Order View Integration in Salesforce De-Mystified

May 22, 2013 Prabhu Palanisamy

By Prabhu Palanisamy

One of the most common requirements from customers is to provide functionality to search and view orders within Salesforce.com. This step-by-step overview of building order view integrations should help de-mystify the process.

Step1: Building a wireframe

Like any other UI development, UX is very important. Depending on the order processing system there may be a ton of fields which represent order and order line items. There are some to key items to focus on when building a wireframe:

Sample Wireframe

Search Criteria
This is the critical component which takes the criteria provided and make the backend call. Here are a few considerations:

  1. How does the user traverse to the order view page? If the user looks up from Account, then in addition to account identifier, filters like open orders, orders for the last 30 days or top 10 orders helps in query performance.
  2. Use required fields for the search screen. Generic searches with no boundaries can potentially return thousands of rows. Based on the user profile enforcing mandatory fields is key.
  3. Persisting in the order header elements and callout to backend service if we want to know more about the order.

Focus on the field elements to display.

The following questions will help in clarifying the user requirements:

  1. How are the Order headers to be displayed? Layout of the Order Header?
  2. Do we want to display Account level info along with Order Header?
  3. Associations/Relationships with other objects Accounts, Products etc.  – Do we need to display them as read only or as look ups?
  4. Field formatting – Should there be standardization and localization of the field display?
  5. How does the user drill down from Order header to Order details? Should links be provided from header view to navigate more detailed views?

Page Navigation

Something to ask is whether the customer wants to list the records and paginate between result sets.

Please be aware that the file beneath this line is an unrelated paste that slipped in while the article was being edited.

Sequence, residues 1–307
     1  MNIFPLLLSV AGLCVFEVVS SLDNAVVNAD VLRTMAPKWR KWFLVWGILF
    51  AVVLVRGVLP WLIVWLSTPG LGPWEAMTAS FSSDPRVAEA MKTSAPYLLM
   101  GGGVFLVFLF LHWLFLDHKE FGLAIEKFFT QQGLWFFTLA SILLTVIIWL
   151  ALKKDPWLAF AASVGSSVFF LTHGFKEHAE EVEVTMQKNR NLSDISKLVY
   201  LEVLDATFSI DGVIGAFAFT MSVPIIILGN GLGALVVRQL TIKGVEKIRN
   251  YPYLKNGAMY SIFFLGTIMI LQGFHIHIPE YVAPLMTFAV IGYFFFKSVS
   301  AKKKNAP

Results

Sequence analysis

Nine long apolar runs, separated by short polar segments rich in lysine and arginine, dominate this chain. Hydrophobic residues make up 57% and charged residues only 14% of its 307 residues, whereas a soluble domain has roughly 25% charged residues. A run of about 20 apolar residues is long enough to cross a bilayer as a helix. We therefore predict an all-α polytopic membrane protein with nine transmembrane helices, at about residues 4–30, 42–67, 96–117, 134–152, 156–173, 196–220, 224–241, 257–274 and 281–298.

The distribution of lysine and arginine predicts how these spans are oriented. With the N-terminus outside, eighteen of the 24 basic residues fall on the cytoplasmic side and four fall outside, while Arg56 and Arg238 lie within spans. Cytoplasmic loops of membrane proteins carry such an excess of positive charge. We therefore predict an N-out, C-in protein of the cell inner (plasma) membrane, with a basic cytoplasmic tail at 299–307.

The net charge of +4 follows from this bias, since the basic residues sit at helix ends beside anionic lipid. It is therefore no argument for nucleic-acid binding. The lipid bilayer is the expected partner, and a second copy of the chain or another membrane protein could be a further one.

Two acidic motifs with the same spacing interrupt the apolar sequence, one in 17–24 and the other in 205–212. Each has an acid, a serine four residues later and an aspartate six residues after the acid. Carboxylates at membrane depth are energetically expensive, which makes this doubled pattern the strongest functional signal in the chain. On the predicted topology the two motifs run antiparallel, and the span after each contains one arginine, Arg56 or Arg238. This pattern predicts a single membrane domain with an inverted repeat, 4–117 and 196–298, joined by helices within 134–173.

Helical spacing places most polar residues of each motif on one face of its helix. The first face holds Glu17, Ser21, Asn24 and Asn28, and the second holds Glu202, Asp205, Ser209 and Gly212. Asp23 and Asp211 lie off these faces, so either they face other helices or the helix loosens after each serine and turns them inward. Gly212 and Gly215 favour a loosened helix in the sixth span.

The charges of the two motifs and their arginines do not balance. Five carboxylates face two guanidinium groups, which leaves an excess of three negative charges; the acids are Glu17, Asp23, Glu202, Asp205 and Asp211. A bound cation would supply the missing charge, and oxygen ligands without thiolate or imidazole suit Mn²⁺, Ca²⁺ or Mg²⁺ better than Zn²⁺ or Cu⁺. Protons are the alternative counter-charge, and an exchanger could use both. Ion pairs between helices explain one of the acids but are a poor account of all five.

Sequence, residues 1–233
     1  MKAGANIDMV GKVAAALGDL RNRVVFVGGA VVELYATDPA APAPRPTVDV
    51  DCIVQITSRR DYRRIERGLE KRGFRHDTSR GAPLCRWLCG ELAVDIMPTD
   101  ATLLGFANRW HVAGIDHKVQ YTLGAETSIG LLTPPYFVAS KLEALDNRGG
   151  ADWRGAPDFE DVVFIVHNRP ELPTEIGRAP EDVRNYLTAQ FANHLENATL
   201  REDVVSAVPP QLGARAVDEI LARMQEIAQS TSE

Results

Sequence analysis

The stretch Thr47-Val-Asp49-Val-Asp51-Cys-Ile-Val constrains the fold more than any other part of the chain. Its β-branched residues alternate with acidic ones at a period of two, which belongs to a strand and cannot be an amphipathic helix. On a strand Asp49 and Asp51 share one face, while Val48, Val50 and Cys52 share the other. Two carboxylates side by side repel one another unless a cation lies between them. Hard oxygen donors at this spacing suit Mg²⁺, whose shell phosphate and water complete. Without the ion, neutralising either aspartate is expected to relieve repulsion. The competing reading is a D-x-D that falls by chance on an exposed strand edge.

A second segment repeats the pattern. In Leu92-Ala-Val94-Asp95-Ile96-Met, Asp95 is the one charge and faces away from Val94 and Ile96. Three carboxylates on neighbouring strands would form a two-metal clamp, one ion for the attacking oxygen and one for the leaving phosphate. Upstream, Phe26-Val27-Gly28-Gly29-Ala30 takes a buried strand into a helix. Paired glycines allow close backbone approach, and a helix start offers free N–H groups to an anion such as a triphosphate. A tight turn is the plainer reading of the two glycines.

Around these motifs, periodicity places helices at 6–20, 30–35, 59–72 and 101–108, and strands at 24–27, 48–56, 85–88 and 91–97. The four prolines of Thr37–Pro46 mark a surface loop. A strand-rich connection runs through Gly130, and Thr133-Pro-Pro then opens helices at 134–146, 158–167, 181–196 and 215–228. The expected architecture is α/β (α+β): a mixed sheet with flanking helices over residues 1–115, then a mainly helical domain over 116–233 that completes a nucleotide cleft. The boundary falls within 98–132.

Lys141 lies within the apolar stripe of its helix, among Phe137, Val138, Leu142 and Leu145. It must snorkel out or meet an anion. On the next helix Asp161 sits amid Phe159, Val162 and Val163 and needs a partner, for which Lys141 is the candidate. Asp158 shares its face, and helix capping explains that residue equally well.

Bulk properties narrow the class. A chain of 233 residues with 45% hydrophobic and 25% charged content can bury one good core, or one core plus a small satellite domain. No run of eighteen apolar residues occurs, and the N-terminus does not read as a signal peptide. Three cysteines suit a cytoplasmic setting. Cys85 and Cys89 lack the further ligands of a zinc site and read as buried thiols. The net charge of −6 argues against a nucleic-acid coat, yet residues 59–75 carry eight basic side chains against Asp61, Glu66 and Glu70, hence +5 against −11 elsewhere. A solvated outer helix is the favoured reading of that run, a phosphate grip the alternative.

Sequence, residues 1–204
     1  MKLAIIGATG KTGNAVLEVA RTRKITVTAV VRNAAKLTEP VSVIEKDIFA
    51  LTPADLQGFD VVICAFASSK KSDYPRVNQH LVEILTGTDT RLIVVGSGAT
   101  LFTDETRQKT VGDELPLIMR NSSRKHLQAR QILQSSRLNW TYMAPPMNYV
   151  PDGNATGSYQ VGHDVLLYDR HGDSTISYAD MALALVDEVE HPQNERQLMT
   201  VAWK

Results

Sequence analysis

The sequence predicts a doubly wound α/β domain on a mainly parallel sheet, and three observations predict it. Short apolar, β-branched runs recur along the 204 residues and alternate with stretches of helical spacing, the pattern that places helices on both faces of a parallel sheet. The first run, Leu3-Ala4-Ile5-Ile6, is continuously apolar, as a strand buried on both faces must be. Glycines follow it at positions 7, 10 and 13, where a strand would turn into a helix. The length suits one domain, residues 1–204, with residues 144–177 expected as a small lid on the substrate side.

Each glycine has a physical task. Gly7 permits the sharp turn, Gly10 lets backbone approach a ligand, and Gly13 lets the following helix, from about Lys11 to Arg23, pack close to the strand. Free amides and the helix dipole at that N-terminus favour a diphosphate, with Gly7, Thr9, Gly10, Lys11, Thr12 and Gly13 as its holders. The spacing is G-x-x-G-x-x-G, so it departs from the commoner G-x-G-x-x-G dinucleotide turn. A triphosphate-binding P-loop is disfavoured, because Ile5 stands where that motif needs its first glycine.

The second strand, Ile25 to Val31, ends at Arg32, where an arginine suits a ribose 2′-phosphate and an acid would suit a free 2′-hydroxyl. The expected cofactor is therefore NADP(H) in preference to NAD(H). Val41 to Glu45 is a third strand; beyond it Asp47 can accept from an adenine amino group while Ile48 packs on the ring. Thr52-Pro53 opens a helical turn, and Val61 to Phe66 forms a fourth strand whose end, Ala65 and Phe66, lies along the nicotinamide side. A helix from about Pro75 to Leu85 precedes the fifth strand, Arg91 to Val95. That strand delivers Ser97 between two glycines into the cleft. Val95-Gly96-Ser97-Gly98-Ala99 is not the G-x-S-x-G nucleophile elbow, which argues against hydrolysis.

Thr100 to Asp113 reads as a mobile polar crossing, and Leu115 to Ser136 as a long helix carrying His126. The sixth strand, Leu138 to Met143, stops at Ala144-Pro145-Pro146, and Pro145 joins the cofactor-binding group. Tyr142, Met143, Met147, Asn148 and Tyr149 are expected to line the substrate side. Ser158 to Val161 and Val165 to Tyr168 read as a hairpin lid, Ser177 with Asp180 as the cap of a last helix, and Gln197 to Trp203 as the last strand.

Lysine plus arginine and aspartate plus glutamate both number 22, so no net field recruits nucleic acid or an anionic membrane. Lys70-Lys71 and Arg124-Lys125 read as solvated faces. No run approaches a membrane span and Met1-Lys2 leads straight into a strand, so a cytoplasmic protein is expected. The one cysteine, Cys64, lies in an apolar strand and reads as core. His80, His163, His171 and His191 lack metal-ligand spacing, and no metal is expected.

Step 2: Service definition

Having a middleware helps a lot as this can reduce the complexity of mapping and service invocation from Salesforce. Instead of being just a passthrough i.e simply acting as a broker, middleware could abstract the backend API signatures and expose only field elements required for Salesforce. This makes implementation and maintenance relatively easier.

Performance is king

The service performance makes big difference in user experience. Ideally keeping the performance in 5-10 secs improves the usability. Enforcing strict transaction timeout helps in throwing meaningful error messages back to user before Salesforce times out the request.

Implementing a pagination at the service level helps to put a limit on the number of records returned. The input signature could include page number and page size (number of records per page). Also, in addition to the page result, the output could return query count (total number of records for the search criteria).

Data Structure
Simplifying the data results helps in UI rendering. Standard applications like SAP and Manhattan have complex nested schemas. Parsing the response in Salesforce makes for complex apex development. Middleware could provide the solution with a simplified canonical model.

Step 3: Backend

This is the most important step of all, engaging a Subject Matter Expert (SME) who has in-depth understanding of the system helps in building the proper backend service. e.g SAP ABAP developer to develop custom RFC to fetch order details.

A few important factors to consider:

  1. Explaining the requirements clearly to the backend developer.
  2. Review the mapping fields, search criterias and result sets.
  3. Performance and Service Level Agreement (SLA) for the backend call
  4. Security, data encryption and other compliance requirements.

Step 4:

Depending on the level UI requirements, we could implement using the following ways:

  1. VF custom development and render the data returned from the webservice call. In this model out of the box VF features are used.
  2. Use of JQuery or other JS frameworks. In this model, the data response is returned directly to JS framework and allowing to render the data. This method helps if the service provide supports JSON formats to return the data.

Step 5: Testing and Tuning

Three areas have to be unit tested thoroughly:

  1. The backend services
  2. Service exposed from middleware
  3. Apex classes which invokes the middleware service

Use of tools like SOAP UI can be extremely helpful in testing the services and perform proper test coverage to webservices.

Use of Canvas API:
Instead of custom VF development, one way to provide mashup functionality is to explore the use of canvas API. This allows to have external web pages to be served with Salesforce.com. The Force.com Canvas is a set of tools and JavaScript APIs that you can use to expose an application as a canvas app. This means you can take your new or existing applications and make them available to your users as part of their Salesforce experience.

Caution: This is a brand new feature and still in pilot program but provides promising features to avoid any custom development.


Many times, order view is the start of the many more integrations to get a 360 view of the customer. Order view could be followed by billings, shipments, invoices, Returns etc. Having a well defined integration pattern and reusable services will help in reducing the development costs of future projects.

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